A man from Toronto was recently sentenced to a 5-year prison stay for claiming about $1 million in fake tax refunds.
According from the CRA, Toronto resident Alexander Wiafe filed 8 quarterly GST/HST returns and claimed refunds for expenses that were fraudulent or fictitious. He fraudulently claimed almost $1 million worth of Goods and Services Tax and Harmonized Sales Tax refunds for about a year.
The CRA Speaks
The Canadian Tax Revenue Agency says that Wiafe was also fined $96,000 plus an additional 18 months in custody if he fails to pay the fine within 5 years of his release aside from being convicted of fraud over $5,000.
Alexander Wiafe is the sole shareholder and the director of Wiafco Industries Ltd. He filed 8 separate quarterly GST/HST returns between the 13 of March 2013 and 31st of December 2014. He claimed that they were for purchases for Wiafco but those purchases were proven to be not incurred by the company and are fictitious.
Wiafe made a claim of $997,842 in refunds and was able to receive 2 payments amounting to a total of $106,057. He used both those to pay for his personal expenses and the rest to help himself continue the fraud.
Wiafco Industries Ltd is in the business of importing and exporting used clothing, or so they claimed. An inspection of the business’ premises did not support this claim. The inspection did not reveal any legitimate commercial activity that could be source of income in the company’s place of business.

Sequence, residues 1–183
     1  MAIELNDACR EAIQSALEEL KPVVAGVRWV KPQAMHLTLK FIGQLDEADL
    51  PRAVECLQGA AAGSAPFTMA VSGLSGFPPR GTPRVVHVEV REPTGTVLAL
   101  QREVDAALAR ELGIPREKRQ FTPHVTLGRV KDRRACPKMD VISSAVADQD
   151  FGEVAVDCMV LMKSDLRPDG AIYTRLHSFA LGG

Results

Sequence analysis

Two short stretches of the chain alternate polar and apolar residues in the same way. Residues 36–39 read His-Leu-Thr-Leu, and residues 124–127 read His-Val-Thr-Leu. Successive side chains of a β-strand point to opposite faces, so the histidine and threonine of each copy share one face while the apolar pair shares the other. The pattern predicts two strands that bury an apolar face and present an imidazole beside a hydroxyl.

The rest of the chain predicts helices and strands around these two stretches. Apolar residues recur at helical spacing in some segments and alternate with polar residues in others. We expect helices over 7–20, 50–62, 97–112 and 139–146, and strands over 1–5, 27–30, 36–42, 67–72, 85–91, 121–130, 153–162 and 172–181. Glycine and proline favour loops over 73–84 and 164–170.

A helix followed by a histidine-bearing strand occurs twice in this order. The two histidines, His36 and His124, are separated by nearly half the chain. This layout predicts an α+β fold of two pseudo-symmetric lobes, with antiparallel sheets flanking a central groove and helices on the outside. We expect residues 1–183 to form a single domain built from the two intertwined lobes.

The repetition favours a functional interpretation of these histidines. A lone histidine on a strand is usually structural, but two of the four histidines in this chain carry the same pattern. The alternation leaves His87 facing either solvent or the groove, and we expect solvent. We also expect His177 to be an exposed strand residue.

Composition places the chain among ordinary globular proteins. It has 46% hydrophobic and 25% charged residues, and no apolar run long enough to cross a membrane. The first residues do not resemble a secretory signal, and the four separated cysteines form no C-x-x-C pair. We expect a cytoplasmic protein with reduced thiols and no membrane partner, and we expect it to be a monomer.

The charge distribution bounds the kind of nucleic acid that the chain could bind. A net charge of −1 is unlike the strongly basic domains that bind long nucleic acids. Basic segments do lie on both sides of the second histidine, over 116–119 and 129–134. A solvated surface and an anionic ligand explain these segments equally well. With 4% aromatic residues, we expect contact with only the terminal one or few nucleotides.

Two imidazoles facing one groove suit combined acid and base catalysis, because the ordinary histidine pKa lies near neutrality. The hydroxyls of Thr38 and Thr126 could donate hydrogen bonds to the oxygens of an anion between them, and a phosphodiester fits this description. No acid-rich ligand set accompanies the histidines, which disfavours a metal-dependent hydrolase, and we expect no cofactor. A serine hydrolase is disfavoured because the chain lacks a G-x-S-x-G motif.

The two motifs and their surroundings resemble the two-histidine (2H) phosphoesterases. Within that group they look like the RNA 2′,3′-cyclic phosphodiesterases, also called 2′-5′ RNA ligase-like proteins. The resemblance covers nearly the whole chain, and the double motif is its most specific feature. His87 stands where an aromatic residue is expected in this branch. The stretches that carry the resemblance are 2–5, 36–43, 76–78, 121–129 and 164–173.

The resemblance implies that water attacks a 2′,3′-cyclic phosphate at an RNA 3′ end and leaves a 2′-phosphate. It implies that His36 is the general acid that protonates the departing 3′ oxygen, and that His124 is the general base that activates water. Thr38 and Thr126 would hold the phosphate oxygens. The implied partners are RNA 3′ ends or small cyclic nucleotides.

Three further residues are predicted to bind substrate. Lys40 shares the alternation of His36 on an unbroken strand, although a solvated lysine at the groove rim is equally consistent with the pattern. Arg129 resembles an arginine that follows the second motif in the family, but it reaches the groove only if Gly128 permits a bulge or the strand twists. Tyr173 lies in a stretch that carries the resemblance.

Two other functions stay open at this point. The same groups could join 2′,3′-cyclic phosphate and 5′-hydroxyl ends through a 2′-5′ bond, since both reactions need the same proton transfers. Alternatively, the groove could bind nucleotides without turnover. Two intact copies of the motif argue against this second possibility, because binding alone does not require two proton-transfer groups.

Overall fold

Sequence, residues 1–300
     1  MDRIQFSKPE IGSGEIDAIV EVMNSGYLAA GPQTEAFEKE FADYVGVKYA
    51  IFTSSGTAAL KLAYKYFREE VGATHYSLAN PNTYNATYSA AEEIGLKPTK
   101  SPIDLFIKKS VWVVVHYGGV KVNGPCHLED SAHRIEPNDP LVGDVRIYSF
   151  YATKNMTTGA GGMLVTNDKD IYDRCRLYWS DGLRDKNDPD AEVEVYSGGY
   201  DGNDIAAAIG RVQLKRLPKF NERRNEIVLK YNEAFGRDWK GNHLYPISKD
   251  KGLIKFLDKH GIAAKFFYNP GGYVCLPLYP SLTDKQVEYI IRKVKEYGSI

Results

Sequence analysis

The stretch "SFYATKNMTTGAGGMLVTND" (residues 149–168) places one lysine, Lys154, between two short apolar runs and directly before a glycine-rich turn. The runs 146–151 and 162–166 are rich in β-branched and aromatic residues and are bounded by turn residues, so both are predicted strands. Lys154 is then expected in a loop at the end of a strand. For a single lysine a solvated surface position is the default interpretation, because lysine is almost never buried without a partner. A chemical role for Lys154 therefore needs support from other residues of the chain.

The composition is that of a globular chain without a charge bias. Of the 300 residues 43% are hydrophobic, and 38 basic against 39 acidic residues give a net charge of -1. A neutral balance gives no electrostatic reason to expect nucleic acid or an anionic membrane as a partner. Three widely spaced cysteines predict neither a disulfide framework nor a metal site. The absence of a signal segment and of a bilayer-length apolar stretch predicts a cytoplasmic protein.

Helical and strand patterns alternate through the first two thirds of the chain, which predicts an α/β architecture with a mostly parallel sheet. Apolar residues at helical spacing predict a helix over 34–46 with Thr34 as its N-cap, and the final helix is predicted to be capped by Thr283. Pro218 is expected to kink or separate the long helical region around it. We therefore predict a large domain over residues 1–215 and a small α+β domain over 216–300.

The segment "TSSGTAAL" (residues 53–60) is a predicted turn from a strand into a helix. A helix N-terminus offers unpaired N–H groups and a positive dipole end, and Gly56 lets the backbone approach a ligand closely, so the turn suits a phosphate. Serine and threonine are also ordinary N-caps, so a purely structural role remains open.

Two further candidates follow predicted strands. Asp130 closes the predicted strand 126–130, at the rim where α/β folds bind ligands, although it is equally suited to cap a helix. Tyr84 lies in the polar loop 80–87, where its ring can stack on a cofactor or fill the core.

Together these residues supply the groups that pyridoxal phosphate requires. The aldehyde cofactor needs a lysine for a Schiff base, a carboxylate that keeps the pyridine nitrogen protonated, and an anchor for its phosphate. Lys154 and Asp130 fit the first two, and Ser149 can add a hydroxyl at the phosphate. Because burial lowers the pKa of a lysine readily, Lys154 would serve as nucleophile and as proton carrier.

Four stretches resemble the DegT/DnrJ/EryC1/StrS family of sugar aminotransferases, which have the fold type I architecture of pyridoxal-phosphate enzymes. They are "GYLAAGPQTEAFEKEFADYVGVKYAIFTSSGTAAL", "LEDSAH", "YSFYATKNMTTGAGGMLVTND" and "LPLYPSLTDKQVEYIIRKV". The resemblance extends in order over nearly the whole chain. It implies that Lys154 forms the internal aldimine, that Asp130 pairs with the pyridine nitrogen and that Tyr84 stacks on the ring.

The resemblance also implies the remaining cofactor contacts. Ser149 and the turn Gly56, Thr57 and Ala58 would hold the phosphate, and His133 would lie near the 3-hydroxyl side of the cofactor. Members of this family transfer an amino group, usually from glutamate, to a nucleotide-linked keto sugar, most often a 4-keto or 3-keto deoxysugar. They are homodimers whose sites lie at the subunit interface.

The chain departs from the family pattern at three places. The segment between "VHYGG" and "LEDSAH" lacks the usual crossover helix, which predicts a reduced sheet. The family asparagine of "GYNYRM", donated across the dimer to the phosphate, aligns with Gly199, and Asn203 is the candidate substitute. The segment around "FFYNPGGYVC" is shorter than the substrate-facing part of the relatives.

The CRA revealed that Wiafco’s banking records and invoices were falsified and that the money used for the lease of the business’ premises plus the funds used for equipment was from the 2 initial fraudulent claims that Wiafe was able to pull off.
Tax Return Fraud
There are various types of tax return fraud in Canada but the majority are via malicious email links wherein the target is sent a fraudulent email telling them that they are qualified to receive a tax refund. The email would ask targets to provide personal details or ask them to log-in to a fake website via a link in the email. Doing so will allow fraudsters to phish for information that they can use to commit more fraud. Wiafe’s method goes beyond that because he simply pretended to have a legitimate business and was able to fool the CRA.
Alexander Wiafe was eventually found out but this only means that there are certainly more like him who are defrauding CRA or could be trying to hatch a scheme to target you or your business. This is why it is very important to be informed about the different types of scams so you would know what to look out for same as it is equally important to report possible fraud to authorities so that they can be stopped.